Greece’s government bonds fell for a third day, pushing 10-year yields to the highest level in six weeks, amid concern the nation is seeking to become self- financing and put its budget controls at risk.
The additional yield investors demand to hold Greek 10-year securities over their German equivalents also touched a six-week high as Greece’s Development Minister Nikolaos Dendias met European Union Task Force Head Horst Reichenbach in Athens today. National governments risk complacency with borrowing costs at historic lows, according to Moritz Kraemer, chief ratings officer at Standard & Poor’s.
“There is concern about whether they will continue to adhere to strict fiscal policy and go on with the required reforms” outside of an official program, said Alessandro Giansanti, a senior rates strategist at ING Groep NV in Amsterdam. “We have to be reminded also that Greek bonds have been the best performers this year, so there is some taking of profit involved and you know they are not very liquid. So when you have some decent selling it’s very easy to have quite an important impact on the price.”
Greek 10-year yields climbed 10 basis points, or 0.1 percentage point, to 6.17 percent as of 10:57 a.m. London time after touching 6.21 percent, the highest since Aug. 14. The yield fell to as low as 5.52 percent this month after surging to a record 44.2 percent in March 2012. The 2 percent bond maturing in February 2024 fell 0.625, or 6.25 euros per 1,000-euro ($1,285) face amount, to 80.31.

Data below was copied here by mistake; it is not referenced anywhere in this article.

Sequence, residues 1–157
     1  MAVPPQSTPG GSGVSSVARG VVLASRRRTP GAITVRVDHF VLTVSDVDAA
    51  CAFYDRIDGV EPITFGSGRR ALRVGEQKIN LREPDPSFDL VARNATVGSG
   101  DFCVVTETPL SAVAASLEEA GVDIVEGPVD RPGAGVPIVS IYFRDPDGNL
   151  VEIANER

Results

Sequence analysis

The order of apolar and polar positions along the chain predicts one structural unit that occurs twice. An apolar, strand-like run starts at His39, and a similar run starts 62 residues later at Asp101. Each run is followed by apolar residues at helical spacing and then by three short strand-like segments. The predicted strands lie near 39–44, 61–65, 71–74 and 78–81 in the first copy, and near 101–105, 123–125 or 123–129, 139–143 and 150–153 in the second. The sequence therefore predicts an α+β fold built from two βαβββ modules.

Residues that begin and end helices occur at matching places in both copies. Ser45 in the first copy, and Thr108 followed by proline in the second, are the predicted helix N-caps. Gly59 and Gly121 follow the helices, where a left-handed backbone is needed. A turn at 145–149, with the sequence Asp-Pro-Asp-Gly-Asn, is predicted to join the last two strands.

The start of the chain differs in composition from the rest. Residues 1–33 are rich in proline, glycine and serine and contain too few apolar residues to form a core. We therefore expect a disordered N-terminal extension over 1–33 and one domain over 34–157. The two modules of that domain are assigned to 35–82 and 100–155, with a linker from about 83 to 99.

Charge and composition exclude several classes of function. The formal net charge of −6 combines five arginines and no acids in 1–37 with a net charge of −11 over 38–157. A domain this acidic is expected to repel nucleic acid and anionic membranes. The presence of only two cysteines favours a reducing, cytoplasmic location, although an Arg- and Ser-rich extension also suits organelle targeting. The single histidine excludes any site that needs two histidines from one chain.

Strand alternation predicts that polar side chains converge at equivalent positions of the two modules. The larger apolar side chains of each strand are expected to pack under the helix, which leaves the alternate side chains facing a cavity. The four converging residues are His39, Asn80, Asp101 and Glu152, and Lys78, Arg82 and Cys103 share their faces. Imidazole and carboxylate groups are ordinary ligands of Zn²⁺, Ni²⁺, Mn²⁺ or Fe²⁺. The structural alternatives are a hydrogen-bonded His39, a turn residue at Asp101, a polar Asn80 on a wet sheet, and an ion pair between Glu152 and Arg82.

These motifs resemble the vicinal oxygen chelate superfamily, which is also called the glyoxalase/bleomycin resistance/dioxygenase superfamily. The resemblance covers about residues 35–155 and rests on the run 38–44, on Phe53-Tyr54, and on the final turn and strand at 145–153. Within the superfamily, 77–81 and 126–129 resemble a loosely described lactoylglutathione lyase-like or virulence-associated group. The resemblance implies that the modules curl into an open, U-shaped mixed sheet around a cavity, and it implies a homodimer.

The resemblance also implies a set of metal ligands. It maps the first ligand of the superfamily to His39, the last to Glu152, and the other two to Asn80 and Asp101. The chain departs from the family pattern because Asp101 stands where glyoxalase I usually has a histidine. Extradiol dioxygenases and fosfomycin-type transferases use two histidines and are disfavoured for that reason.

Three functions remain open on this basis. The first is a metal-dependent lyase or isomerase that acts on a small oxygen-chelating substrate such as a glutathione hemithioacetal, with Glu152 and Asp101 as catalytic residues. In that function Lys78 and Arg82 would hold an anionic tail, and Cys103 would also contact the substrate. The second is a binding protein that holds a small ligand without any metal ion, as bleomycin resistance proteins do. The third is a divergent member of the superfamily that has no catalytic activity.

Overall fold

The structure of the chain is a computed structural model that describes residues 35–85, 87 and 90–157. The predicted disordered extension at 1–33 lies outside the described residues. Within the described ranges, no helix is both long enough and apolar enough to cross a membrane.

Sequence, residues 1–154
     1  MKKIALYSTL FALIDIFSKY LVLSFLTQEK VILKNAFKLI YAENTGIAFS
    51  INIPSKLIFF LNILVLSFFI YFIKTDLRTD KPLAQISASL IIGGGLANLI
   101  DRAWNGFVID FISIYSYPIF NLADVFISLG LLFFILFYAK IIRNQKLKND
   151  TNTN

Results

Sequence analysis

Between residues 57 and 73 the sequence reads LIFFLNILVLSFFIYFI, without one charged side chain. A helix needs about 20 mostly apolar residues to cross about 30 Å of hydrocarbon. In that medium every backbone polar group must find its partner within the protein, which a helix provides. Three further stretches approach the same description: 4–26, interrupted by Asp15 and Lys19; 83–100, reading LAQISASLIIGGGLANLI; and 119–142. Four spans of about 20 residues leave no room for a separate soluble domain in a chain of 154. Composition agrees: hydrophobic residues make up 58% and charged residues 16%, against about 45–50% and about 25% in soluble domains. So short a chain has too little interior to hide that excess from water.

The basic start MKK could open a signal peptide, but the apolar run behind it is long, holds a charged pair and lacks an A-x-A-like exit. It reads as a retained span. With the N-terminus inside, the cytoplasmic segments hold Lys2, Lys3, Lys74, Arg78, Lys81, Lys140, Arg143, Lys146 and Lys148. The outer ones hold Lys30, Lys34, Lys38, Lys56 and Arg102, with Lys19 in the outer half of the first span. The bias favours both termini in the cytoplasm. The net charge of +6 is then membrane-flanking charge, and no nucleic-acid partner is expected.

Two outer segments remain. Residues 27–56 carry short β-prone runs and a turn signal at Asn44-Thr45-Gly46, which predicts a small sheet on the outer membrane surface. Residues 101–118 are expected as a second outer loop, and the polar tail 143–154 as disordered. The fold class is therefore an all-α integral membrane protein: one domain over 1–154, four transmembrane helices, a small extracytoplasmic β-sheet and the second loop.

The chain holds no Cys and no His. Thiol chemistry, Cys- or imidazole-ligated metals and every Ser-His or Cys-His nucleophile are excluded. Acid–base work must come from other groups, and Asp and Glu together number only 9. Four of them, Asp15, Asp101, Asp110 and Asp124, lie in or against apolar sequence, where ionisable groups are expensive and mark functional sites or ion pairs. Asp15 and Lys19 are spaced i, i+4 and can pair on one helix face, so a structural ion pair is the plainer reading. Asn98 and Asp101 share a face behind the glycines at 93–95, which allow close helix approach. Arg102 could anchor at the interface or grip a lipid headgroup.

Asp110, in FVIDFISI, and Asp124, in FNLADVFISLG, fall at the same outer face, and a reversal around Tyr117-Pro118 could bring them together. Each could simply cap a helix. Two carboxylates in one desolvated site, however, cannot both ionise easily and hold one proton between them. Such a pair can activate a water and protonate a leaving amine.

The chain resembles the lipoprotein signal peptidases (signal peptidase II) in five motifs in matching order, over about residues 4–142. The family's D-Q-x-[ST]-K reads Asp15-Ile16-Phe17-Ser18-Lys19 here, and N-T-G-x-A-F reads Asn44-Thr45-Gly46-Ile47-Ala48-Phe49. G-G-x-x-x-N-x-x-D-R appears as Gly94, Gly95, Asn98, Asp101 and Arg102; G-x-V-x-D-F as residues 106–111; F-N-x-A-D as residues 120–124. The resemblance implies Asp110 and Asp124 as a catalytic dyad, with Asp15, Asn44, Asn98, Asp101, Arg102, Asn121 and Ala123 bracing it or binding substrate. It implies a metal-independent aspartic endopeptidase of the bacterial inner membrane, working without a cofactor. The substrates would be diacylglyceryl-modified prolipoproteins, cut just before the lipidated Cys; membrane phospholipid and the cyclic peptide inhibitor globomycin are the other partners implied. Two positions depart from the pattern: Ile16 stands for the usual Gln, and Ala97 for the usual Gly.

The yield difference, or spread, between Greek and German 10-year bonds widened 11 basis points to 516 basis points, the most since Aug. 13, based on closing prices.
Greece’s bailout program will be a topic of discussion in coming weeks, German Chancellor Angela Merkel said Tuesday following talks with Greek Prime Minister Antonis Samaras in Berlin. While euro-area support for Greece expires this year, the International Monetary Fund is scheduled to continue disbursing funds until the first quarter of 2016. Samaras is seeking to reduce reliance on the 240 billion-euro bailout based on euro area and IMF loans that came with reform conditions.
Greek bonds returned 29 percent this year through yesterday, Bloomberg World Bond Indexes show. That compares to a 6.9 percent return for German securities and a 13 percent gain for Spain’s. [Bloomberg]